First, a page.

Markets are shaped by the rules of the game. Our political system has written rules that benefit the rich at the expense of others. Financial regulations allow predatory lending and abusive credit-card practices that transfer money from the bottom to the top. So do bankruptcy laws that provide priority for derivatives. The rules of globalisation – where capital is freely mobile but workers are not – enhance an already large asymmetry of bargaining: businesses threaten to leave the country unless workers make strong concessions.

Stiglitz points out that the conservative argument that “increased inequality is an inevitable byproduct of the market” is demonstrably false:

Textbooks teach us that we can have a more egalitarian society only if we give up growth or efficiency. However, closer analysis shows that we are paying a high price for inequality: it contributes to social, economic and political instability, and to lower growth. Western countries with the healthiest economies (for example those in Scandinavia) are also the countries with the highest degree of equality.

The US grew far faster in the decades after the second world war, when inequality was lower, than it did after 1980, since when the gains have gone disproportionately to the top. There is growing evidence looking across countries over time that suggests a link between equality, growth and stability.

Mentioning that there is a real difference between Obama and Romney, in terms of whether America will “once again become a land of opportunity,” Stiglitz ends with a theme I find fascinating and have thought about frequently these days:

The country will have to make a choice: if it continues as it has in recent decades, the lack of opportunity will mean a more divided society, marked by lower growth and higher social, political and economic instability. Or it can recognise that the economy has lost its balance. The gilded age led to the progressive era, the excesses of the Roaring Twenties led to the Depression, which in turn led to the New Deal. Each time, the country saw the extremes to which it was going and pulled back. The question is, will it do so once again?

Are we yet to the point where a “new progressive” era or a “new New Deal era” can be born? Or will it be a President Mitt Romney—a genuine Gilded Ager— who finally impregnates America with enough despair and disgust and determination to produce one?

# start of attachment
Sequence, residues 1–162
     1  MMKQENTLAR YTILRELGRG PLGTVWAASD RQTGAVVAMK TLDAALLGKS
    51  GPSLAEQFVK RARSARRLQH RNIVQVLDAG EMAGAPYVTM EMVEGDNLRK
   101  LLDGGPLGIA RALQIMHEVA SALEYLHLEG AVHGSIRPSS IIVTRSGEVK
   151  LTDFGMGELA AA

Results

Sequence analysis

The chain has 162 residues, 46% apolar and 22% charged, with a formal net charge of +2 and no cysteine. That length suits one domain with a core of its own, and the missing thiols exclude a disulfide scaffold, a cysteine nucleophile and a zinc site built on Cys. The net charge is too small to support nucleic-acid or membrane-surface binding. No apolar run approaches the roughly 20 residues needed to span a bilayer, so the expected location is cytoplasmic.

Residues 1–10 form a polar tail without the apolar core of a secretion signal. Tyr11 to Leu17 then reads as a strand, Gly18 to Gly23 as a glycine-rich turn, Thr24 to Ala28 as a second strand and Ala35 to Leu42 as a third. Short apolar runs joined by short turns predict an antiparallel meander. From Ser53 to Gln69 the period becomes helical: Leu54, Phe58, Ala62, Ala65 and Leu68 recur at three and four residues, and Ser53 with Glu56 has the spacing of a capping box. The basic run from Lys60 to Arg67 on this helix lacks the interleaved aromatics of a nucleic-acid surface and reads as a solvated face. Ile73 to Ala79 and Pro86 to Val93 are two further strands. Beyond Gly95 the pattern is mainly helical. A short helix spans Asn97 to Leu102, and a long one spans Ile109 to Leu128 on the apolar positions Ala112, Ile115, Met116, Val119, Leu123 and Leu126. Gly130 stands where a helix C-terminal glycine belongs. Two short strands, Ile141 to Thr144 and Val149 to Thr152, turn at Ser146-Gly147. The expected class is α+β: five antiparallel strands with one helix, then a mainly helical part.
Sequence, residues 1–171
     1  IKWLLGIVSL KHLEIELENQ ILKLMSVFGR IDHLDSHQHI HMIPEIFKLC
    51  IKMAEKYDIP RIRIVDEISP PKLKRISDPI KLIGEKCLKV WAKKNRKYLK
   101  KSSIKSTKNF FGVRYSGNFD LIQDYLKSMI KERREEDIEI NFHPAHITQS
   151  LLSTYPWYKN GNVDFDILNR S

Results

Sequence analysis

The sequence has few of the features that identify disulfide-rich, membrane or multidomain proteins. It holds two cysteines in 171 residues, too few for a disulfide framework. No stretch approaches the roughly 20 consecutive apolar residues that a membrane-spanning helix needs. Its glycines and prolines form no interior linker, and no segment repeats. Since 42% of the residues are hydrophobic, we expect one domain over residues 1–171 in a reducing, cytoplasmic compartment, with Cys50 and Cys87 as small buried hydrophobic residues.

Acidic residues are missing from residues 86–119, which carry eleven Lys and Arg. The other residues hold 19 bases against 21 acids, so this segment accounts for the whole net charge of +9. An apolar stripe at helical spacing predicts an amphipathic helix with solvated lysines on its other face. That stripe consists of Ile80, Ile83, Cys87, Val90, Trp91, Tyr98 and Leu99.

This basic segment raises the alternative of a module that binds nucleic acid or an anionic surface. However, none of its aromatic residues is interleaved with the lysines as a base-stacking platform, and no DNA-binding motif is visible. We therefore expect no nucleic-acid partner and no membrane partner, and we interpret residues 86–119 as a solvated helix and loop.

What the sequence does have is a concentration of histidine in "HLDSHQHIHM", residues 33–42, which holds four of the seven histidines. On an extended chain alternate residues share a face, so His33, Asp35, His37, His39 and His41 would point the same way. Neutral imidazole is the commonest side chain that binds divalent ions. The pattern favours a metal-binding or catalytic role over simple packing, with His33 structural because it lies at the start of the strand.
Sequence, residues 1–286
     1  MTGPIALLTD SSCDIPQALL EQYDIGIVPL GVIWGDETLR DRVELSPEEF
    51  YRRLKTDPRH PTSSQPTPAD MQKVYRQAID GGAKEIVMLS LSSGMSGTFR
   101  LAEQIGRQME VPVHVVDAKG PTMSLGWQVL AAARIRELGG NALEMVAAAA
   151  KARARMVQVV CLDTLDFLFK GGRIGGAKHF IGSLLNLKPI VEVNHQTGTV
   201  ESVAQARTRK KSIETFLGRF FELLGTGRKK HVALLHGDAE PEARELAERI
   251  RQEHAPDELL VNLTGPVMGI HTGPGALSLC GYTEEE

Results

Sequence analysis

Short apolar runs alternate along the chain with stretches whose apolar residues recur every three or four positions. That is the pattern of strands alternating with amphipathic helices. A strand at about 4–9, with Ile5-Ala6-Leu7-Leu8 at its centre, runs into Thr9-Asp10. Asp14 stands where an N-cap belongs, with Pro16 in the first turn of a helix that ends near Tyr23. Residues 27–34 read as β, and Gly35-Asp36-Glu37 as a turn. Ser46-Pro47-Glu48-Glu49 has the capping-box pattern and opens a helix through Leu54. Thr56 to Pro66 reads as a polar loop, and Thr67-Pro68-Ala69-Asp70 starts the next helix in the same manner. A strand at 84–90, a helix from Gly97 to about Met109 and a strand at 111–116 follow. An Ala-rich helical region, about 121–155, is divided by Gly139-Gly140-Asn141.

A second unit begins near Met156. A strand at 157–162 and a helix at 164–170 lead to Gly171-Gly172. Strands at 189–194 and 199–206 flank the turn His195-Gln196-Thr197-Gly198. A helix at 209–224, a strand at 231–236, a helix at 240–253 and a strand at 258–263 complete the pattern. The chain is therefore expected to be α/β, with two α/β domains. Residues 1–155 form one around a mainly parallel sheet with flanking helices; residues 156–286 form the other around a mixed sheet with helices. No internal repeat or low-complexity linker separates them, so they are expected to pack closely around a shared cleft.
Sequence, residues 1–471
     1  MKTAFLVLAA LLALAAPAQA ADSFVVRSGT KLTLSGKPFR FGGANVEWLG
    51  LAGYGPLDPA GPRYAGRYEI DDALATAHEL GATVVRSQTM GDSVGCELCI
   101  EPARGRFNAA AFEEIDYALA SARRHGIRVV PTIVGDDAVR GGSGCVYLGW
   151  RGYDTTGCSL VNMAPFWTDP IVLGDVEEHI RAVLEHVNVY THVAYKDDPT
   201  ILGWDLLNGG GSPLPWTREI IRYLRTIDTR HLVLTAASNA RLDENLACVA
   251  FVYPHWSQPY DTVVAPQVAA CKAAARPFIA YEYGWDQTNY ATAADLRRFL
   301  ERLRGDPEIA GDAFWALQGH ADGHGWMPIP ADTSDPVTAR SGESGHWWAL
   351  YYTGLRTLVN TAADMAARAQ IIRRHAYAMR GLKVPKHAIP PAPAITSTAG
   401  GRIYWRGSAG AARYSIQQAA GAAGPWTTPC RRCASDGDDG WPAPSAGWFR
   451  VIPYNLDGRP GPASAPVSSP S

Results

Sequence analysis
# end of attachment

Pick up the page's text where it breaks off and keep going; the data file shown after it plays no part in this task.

Unions And The Middle Class Decline

A great piece in today’s New York Times by Joe Nocera, who admits that liberals—many of whom made their way in the world thanks to unionized parents—made a “terrible mistake” by turning their backs on labor unions.

Relying on Timothy Noah’s latest book on income inequality, “The Great Divergence,” Nocera writes:

Noah places the high-water mark for unionism in the mid-1950s, when nearly 40 percent of American workers were either union members or “nonunion members who were nonetheless covered by union contracts.” In the early postwar years, even the Chamber of Commerce believed that “collective bargaining is a part of the democratic process,” as its then-president noted in a statement.

But, in the late-1970s, union membership began falling off a cliff, brought on by a variety of factors, including jobs moving offshore and big labor’s unsavory reputation. Government didn’t help either: Ronald Reagan’s firing of the air traffic controllers in 1981 sent an unmistakable signal that companies could run roughshod over federal laws intended to protect unions — which they’ve done ever since.

The result is that today unions represent 12 percent of the work force. “Draw one line on a graph charting the decline in union membership, then superimpose a second line charting the decline in middle-class income share,” writes Noah, “and you will find that the two lines are nearly identical.” Richard Freeman, a Harvard economist, has estimated that the decline of unions explains about 20 percent of the income gap.

Nocera ends his piece where Noah ends his book on income inequality:

…if liberals really want to reverse income inequality, they should think seriously about rejoining labor’s side.

A fitting thought on this recall election day in Wisconsin, where the Republican governor decided to start a war with unions and union workers.

I posted this graph last September and it seems appropriate today: